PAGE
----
The quest to prepare the perfect steak has been a challenge since slices of meat were roasted over fire. But what is a great steak?
It should guide you through complex layers of textures and flavors: dark crust, rosy flesh, tenderness balanced by chewing. You want a steak you can sink your teeth into. There must be a perfect ratio of meat to fat – and there must be blood. Without those delicious steak juices, a steak would be just deli roast beef.
Tri-tip delivers all that. A cut popular in Santa Maria, California, and the surrounding Central Valley, this crescent-shaped steak from the bottom of the sirloin cuts like brisket and eats like steak, with a rich, meaty flavor. But like all thick cuts, it presents a challenge: grill it directly over high heat as you would a strip or skirt steak and you risk burning the outside while the center is undercooked. Cook it low and slow, like your brisket would, and you’ll lose the caramelized crust†
Enter reverse searing – an ingenious grilling method that combines the low and slow smoking of traditional barbecue with the high heat used in steakhouses. Take the guesswork out of grilling steak and reward yourself with a juicy, perfectly cooked steak every time.
With this simple two-step process, first slowly cook the steak — about 30 minutes — at 250 degrees, the temperature pitmasters use to barbecue brisket. Once you’ve heated the center of the meat to 110 degrees, place the steak on a platter and increase the heat of the grill to a searing temperature of 600 degrees. Then sear the outside of the steak directly over the fire until it’s sizzling, crispy and dark brown, bringing the internal temperature of the meat to 125 degrees (for rare) or 135 degrees (for medium-rare).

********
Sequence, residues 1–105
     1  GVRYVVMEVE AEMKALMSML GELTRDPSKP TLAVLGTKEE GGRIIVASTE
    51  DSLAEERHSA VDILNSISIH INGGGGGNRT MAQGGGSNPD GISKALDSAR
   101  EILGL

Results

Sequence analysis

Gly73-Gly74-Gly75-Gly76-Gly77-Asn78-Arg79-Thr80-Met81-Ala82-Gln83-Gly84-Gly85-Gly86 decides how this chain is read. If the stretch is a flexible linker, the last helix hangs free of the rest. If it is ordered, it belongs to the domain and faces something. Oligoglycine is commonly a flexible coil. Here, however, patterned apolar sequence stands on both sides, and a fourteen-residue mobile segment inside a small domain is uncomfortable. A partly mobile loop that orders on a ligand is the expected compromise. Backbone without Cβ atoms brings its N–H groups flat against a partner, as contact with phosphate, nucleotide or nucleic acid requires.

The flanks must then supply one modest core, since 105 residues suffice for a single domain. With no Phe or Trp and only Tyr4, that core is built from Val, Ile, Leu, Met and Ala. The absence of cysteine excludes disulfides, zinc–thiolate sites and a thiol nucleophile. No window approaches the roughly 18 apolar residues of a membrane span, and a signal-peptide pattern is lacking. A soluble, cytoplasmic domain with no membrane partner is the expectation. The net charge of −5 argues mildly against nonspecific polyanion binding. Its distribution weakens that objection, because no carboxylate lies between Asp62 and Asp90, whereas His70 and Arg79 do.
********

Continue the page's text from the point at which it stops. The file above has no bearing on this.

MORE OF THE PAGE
Reverse searing offers several advantages over traditional high-heat direct grilling, where steak goes from undercooked to overcooked in a minute or two, requiring precise timing that inexperienced grillers may find daunting. During the initial stage of the reverse searing, the internal temperature of the meat gradually rises, making it easier to control and achieve the desired doneness. Also, the meat cooks more evenly this way, with uniform color and doneness from top to bottom, no gray-brown ring of meat just below the crust, and a red-blue rose in the center.
Because the meat rests between the two stages, allowing it to relax and become juicier, the steak can be served warm from the grill immediately after the final sear. That means no more lukewarm steak and no more hungry people waiting.
Perhaps the greatest benefit of reverse searing is the ability to smoke the steak by adding hardwood chunks or chips to your low heat. That step infuses thick cuts like tri-tip with the haunting taste of barbecue and adds a spectacular flavor dimension.
The resulting tri-tip steak is perfectly cooked and intensely flavorful—and the cut, also known as Newport, Santa Maria, triangle, and bottom sirloin steak, is thankfully inexpensive. Food prices are rising, and reverse searing works great for other inexpensive thick cuts, such as round, sirloin steak, or picanha. (It can also be applied to three-finger porterhouses and tomahawks.)
If you want to splurge on steak, you definitely want to. Searing in reverse is just as foolproof as grilling a steak.
Recipe: Reverse Seared Steak